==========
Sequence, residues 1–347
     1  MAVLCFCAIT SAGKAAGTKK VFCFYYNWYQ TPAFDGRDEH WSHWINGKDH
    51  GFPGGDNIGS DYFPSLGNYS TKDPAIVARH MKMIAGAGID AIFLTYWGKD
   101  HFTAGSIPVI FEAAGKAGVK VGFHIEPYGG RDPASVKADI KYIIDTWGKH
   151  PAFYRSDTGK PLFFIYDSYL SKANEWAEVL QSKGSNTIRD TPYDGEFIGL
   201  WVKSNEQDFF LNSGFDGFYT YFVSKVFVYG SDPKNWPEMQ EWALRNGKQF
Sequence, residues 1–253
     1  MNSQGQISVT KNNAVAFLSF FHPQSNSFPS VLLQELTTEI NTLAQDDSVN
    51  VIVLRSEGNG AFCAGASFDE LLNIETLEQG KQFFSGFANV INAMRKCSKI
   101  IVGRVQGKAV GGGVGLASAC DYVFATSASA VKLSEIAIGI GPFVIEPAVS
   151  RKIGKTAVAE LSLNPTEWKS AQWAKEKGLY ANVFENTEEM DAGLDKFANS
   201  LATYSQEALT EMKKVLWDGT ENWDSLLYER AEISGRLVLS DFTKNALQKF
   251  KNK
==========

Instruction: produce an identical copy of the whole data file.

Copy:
Sequence, residues 1–347
     1  MAVLCFCAIT SAGKAAGTKK VFCFYYNWYQ TPAFDGRDEH WSHWINGKDH
    51  GFPGGDNIGS DYFPSLGNYS TKDPAIVARH MKMIAGAGID AIFLTYWGKD
   101  HFTAGSIPVI FEAAGKAGVK VGFHIEPYGG RDPASVKADI KYIIDTWGKH
   151  PAFYRSDTGK PLFFIYDSYL SKANEWAEVL QSKGSNTIRD TPYDGEFIGL
   201  WVKSNEQDFF LNSGFDGFYT YFVSKVFVYG SDPKNWPEMQ EWALRNGKQF
Sequence, residues 1–253
     1  MNSQGQISVT KNNAVAFLSF FHPQSNSFPS VLLQELTTEI NTLAQDDSVN
    51  VIVLRSEGNG AFCAGASFDE LLNIETLEQG KQFFSGFANV INAMRKCSKI
   101  IVGRVQGKAV GGGVGLASAC DYVFATSASA VKLSEIAIGI GPFVIEPAVS
   151  RKIGKTAVAE LSLNPTEWKS AQWAKEKGLY ANVFENTEEM DAGLDKFANS
   201  LATYSQEALT EMKKVLWDGT ENWDSLLYER AEISGRLVLS DFTKNALQKF
   251  KNK